Some of the Fair Labor Standards Act (FLSA) wage provisions are changing as of January 1, 2020.

Jobs that are governed by the FLSA are referred to as exempt (often called “salary”) or non-exempt (often called “hourly”).  Non-exempt employees are entitled to overtime.  Exempt employees are not (think, exempted from overtime). To be considered exempt from overtime, the employee must meet three tests:

  1. Employees must be paid at or above a minimum salary threshold ($684 per week or $35,568 per year, as of 1/1/2020)
  2. Employees must be paid on a salary basis (meaning the employee can count on receiving a guaranteed minimum remuneration each week in which any work is performed)
  3. The kind of work that is done must meet the guidelines set forth by the FLSA as exempt under the duties test.  These duties fall under specific categories and have nothing to do with the job title.  The work actually performed is taken into consideration.  The classifications are:
    • Executive
    • Learned Professional
    • Creative Professional
    • Administrative
    • Outside Sales
    • Computer Employee
    • Highly Compensated Employee

The wage is the first hurdle to determining if an employee qualifies as exempt from the overtime provisions of the FLSA.  The weekly minimum pay threshold has been set at $455 for many years.  Now that the minimum compensation has been raised to $684, employers should audit their payroll and find the employees whose wages fall between $455 and $684 per week. These employees may now be subject to overtime.

All employees who are currently classified as exempt and making less than $684 per week, will either need to be reclassified as non-exempt (with overtime as applicable) or be given a raise to the new minimum salary threshold of $684 per week (where no overtime would apply).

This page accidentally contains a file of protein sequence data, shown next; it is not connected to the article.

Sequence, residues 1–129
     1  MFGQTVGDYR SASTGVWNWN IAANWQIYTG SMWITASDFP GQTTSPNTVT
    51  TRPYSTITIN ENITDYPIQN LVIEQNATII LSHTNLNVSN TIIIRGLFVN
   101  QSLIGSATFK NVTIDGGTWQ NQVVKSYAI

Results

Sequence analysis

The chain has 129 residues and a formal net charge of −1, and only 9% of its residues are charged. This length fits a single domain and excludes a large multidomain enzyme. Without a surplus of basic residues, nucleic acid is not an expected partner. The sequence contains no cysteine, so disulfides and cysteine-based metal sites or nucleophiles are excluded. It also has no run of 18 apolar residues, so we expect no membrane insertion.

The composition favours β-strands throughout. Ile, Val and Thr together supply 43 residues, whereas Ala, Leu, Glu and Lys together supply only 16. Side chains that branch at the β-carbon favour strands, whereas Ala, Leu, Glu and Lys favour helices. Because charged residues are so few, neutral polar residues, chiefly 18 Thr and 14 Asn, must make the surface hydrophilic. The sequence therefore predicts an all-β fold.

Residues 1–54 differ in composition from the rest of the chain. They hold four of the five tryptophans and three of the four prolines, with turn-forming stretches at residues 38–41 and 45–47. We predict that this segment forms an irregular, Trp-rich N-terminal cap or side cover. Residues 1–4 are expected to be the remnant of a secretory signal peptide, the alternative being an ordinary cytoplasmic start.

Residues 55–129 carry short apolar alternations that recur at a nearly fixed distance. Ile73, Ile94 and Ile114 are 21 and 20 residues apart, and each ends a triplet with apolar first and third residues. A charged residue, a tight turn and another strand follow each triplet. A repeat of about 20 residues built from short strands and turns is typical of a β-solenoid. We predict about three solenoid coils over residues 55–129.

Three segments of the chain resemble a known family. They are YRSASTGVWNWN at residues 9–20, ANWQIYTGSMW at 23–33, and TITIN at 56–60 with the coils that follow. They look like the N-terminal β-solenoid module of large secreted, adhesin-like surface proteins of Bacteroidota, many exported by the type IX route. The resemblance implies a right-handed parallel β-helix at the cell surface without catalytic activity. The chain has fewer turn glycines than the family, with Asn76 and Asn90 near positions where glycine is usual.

It is vital to be sure that employees are being classified and paid correctly.  Otherwise, you could be facing a costly wage and hour claim.  Let’s look at an example.

An employee who is currently salary exempt and making $500 per week will no longer qualify as exempt under the new threshold ($684 per week). Employers have a couple of options in this scenario. This employee can receive a pay raise to meet (or exceed) the new salary threshold. Assuming the other requirements for exemption were met, the employee would be exempt from the overtime requirement. This may not be a cost all employers can take on — especially if they have many employees that fall into this scenario. This employee could also be reclassified as non-exempt (with an hourly wage of $12.50).  At $12.50 per hour, the employee would still early $500 per week assuming they worked a 40 hour workweek. However, if the employee worked more than 40 hours per week, be prepared to pay overtime.   If this position regularly works more than 40 hours per week where overtime would be an issue, this may not be a viable option.

Another way to balance the new salary threshold is to adjust work schedules.  For example, (4) 10-hour days, or (3) 12 hour days may help decrease the number of shifts and hours worked, which can alleviate overtime.

Employers will need to weigh the cost of paying overtime against the cost of a pay increase to match the new threshold.

Whatever direction you decide to go. Communicate these changes to your staff. Exempt employees who become non-exempt may not be used to having to keep time sheets or having to clock in and out. The more information you can give about these changes, the easier any transition will be.

NAE can assist member organizations in reviewing these new rules and even conducting an audit based on the new FLSA threshold.  Contact us for more information.